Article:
In Antioch, 911 is no longer the only number for emergencies. At least, if you want to contact police about a crime via text message.
Antioch is Contra Costa's first city and one of the first in the Bay Area to use a service that takes text messages from cellphones and processes that information to pursue crime leads.
By texting 274637 (CRIMES), and then putting "Antioch" and the tip in the body of the message, police can use the information to find evidence and solve cases, police Chief Allan Cantando said.
"Say there's a shooting. People can text and say, 'I saw this homicide and the guy buried the gun in the back corner of the yard,' or 'The suspect had this type of piercing,'" he said. "It's simple to use and gets the community more engaged. Plus, it gives us a way to find that evidence and make arrests."
The TipSoft technology sends the text to a Canadian server, which relays a different identification tag back to Antioch police with the information, said William Kilmer, CEO of Public Engines, the company that created the program. Texters remain anonymous, unless they choose to give their name and address in the body of the text, Cantando said.
Both Antioch council members who work in law enforcement lauded the new technology this week.
"It's an innovative way to engage the community," Councilman Brian Kalinowski said.
Adds Mayor Pro Tem Wade Harper: "It's awesome. Everyone is on their smartphones now. It's a good way to bring policing up to today's technology. Hopefully, it will help us solve more crime."
Police have found that some people, particularly those who are witnesses to incidents in high-crime areas, fear retaliation or being labeled as "snitches," Cantando said. The system, which is used by about 850 law enforcement agencies in the United States, is "ironclad" in keeping identities of texters private, Kilmer said.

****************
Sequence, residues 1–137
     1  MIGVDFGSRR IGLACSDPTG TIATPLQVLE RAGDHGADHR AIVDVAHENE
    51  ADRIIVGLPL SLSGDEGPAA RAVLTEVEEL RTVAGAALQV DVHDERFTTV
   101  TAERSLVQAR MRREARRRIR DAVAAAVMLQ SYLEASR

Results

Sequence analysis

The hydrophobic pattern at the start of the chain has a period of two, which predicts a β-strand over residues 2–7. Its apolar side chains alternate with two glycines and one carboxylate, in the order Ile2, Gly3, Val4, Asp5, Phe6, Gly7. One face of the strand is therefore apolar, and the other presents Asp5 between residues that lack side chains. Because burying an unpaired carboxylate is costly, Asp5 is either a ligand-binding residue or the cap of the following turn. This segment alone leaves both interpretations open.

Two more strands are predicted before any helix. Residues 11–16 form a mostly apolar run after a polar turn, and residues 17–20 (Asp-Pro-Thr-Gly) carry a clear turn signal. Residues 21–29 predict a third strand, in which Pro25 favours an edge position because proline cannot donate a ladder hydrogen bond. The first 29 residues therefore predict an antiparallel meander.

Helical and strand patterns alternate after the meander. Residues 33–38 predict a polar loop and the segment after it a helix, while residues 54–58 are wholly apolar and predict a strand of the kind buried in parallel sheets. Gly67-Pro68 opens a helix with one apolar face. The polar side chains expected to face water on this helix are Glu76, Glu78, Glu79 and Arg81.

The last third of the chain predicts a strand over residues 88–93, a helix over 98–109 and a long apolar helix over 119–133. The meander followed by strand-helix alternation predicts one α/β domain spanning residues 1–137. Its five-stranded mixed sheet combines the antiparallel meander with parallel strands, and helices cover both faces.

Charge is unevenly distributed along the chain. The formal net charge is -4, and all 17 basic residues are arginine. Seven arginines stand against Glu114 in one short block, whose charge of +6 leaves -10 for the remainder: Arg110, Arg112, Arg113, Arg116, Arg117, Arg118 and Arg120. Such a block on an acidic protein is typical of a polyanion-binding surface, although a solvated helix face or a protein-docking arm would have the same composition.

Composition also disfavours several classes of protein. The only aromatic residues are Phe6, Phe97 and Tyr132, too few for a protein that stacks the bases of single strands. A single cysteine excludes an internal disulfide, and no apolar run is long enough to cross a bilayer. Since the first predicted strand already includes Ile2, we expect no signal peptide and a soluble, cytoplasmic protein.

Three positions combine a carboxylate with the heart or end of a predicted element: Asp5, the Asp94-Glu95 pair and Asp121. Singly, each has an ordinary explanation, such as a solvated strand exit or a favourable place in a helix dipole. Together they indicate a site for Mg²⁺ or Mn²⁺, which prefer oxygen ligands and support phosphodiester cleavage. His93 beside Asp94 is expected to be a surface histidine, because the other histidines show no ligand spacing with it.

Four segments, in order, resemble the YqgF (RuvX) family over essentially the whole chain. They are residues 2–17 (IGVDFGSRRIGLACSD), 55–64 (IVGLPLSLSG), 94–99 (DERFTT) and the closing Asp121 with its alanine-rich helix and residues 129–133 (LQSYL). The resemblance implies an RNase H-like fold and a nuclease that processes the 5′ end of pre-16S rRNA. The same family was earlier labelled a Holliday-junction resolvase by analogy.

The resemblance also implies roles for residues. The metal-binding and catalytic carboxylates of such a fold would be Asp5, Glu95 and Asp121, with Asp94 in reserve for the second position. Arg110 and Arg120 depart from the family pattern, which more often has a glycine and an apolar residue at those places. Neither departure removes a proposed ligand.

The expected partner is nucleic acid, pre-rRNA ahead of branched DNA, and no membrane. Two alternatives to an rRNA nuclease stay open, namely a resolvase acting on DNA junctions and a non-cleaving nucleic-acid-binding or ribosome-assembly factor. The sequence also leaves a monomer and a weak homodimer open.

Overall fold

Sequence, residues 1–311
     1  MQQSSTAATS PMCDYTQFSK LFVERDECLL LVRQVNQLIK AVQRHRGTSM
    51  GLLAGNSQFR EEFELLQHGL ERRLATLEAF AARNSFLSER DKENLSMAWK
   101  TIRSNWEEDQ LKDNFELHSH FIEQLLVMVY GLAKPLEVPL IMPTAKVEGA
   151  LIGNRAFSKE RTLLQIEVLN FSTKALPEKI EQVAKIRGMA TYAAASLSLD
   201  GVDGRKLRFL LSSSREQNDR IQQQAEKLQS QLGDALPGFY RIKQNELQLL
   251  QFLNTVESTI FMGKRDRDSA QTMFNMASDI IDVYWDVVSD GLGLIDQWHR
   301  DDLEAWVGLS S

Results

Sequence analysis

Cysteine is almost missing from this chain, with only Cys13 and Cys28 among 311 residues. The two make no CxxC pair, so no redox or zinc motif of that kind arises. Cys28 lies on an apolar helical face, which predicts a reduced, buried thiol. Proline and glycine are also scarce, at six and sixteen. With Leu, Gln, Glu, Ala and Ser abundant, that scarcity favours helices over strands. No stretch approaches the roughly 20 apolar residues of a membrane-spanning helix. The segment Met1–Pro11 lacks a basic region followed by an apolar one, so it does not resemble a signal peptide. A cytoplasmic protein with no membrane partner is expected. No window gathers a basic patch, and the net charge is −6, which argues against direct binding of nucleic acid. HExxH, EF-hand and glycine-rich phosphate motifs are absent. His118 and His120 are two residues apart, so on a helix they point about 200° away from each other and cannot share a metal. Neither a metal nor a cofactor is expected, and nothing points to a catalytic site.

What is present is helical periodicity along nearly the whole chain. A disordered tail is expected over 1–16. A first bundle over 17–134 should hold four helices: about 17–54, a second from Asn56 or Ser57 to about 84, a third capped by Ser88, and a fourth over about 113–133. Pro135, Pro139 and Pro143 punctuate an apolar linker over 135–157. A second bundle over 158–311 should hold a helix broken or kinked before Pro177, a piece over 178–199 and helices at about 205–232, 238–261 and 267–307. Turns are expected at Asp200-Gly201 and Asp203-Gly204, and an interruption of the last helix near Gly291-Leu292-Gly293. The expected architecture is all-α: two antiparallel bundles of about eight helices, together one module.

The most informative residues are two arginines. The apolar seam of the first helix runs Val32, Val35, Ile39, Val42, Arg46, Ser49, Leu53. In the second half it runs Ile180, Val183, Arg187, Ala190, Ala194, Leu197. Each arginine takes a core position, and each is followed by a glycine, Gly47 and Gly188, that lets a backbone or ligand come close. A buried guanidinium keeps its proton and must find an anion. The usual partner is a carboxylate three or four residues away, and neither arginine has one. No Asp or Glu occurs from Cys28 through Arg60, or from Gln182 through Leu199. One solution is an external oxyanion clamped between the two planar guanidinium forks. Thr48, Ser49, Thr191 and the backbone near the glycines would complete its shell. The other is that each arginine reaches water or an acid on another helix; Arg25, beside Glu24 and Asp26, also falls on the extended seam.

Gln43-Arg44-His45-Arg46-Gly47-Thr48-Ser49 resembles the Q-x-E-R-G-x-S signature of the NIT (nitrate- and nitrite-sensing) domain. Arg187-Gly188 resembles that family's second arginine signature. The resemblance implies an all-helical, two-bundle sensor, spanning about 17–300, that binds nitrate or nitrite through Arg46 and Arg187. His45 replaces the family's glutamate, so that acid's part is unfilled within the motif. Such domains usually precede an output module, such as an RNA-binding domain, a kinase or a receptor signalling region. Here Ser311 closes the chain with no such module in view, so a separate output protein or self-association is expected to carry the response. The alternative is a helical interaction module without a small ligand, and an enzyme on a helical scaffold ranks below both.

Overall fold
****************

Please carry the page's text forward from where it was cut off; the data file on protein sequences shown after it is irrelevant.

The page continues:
The service also allows residents to receive text or email alerts from police about neighborhood crime with real-time data, and it allows police access to information for data analysis purposes so the department can target its enforcement, Cantando said.
The new technology will help the department overcome some of its staffing shortcomings, Cantando said. Antioch's police force, which is authorized for 126 sworn officer positions, employs 91 officers. It also does not have any nonsworn community service officers, which handle booking and other internal issues.
Law enforcement staffing has been cut back the past three years through attrition and a hiring freeze, forcing specialty divisions such as gang and traffic units to be disbanded and all officers assigned to patrol.
Antioch paid near $19,000 for a three-year subscription for the service with funds it receives from asset forfeitures.
Other Bay Area agencies that use TipSoft include the Fremont Police Department, and the Bay Area and Silicon Valley crime stoppers programs. San Leandro police launched a free iPhone application this week that allows residents to anonymously communicate with law enforcement.
Contact Paul Burgarino at 925-779-7164. Follow him at Twitter.com/paulburgarino.
To contact Antioch police about a crime via text message, text "CRIMES" or 274637, enter in Antioch and type in the incident.